Such occurrences are particularly disturbing because they involve things that people tend to take for granted: trust in the security of banks, for example, or in the authority of scientific tests conducted by government labs. Revelations of the fraud at DBS/POSB prompted frantic checks by hundreds of savers on their accounts. Questions are being asked: why is it that only DBS/POSB, a largely state-owned bank, seems to have been targeted, and not the other major domestic private banks? Do the mistakes in the testing of DNA samples warrant re-checking whether previous tests – particularly those used in cases for capital offences – were incorrectly conducted?
Trust takes time to establish and can be quickly eroded, particularly when it seems that mistakes have not been put right. For instance, after previous instances of flooding in the Orchard area, the government initiated flood-prevention measures that did not seem to have worked when faced again with heavy rains. It would also not have escaped that DBS/POSB was similarly at the center of the storm a few years ago when many small-time investors accused it of mis-selling financial products.
It is a positive sign that the government has reacted with alacrity rather than complacency so far and has promised investigations into the debacles. Allowing public disgruntlement to fester might lead to perceptions about a broader malaise in a government that has taken pride in its reputation for competence.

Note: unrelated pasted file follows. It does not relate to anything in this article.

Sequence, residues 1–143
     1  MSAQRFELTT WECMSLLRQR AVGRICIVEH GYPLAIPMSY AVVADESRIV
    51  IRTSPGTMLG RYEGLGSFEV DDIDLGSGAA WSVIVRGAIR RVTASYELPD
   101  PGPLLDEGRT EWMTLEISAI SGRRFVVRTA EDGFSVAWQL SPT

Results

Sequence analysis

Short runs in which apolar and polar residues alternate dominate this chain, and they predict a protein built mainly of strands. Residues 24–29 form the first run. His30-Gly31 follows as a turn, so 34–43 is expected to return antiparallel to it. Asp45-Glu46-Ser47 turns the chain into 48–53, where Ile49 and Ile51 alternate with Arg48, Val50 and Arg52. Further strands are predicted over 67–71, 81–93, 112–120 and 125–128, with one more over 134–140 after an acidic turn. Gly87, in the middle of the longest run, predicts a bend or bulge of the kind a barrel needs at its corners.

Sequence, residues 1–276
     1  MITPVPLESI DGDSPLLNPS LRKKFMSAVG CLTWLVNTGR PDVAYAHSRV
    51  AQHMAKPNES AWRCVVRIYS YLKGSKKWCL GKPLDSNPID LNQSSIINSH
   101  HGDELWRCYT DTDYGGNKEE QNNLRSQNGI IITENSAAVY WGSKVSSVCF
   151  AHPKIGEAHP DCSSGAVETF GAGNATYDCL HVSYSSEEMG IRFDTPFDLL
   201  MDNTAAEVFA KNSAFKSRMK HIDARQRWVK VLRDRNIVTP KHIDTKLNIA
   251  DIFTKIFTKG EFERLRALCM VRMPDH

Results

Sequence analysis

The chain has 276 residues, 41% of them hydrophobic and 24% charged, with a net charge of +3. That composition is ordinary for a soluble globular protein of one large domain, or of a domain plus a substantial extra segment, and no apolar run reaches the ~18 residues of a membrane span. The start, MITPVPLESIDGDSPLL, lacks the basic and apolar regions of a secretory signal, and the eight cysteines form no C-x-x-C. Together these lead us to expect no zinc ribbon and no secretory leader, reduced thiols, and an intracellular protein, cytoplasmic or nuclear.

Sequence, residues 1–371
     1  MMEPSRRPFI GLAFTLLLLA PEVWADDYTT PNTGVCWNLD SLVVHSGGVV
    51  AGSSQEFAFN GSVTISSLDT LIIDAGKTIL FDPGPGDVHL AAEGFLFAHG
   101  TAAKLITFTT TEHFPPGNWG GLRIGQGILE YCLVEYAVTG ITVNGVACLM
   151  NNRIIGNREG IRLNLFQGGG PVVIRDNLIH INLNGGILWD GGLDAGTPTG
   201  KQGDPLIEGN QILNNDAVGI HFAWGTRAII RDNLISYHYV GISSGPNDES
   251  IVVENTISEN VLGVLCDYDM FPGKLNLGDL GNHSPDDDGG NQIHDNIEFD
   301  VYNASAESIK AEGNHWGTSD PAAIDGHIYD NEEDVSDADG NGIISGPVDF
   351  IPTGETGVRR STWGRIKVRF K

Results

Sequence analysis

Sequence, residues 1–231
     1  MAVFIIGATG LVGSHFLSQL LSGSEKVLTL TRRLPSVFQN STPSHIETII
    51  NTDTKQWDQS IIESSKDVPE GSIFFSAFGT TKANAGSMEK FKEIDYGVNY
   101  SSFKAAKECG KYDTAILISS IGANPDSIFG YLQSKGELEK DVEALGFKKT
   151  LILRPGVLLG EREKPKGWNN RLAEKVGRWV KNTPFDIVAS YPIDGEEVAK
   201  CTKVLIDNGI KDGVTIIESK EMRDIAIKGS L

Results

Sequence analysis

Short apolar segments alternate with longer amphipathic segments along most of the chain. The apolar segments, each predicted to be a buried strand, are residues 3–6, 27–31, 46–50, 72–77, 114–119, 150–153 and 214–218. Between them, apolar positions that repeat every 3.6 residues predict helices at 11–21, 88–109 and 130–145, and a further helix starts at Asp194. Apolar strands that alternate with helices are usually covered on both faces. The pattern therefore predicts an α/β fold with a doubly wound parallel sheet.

That said, when repeated mistakes have been made, perhaps questions need to be asked about whether the regulators themselves should be doing a better job. It is instructive to note that the MRT breakdowns occurred despite the train operators apparently complying with all the regulators’ requirements, which could mean that the requirements were overly lax or that the regulators may have been too passive.
Hence the problem may be that things have worked well for so long that expectations the regulators have of their wards are too low. The kind of mass fraud at DBS/POSB or the disruptions on the subway are scarcely what is expected by officials long used to the shine of the country’s hard-won reputation (which was incidentally one of the key reasons why a regional centre promoting public transport excellence was set up in Singapore, ironically being unveiled just shortly after the MRT breakdowns). If so, it is high time for the authorities to tighten up.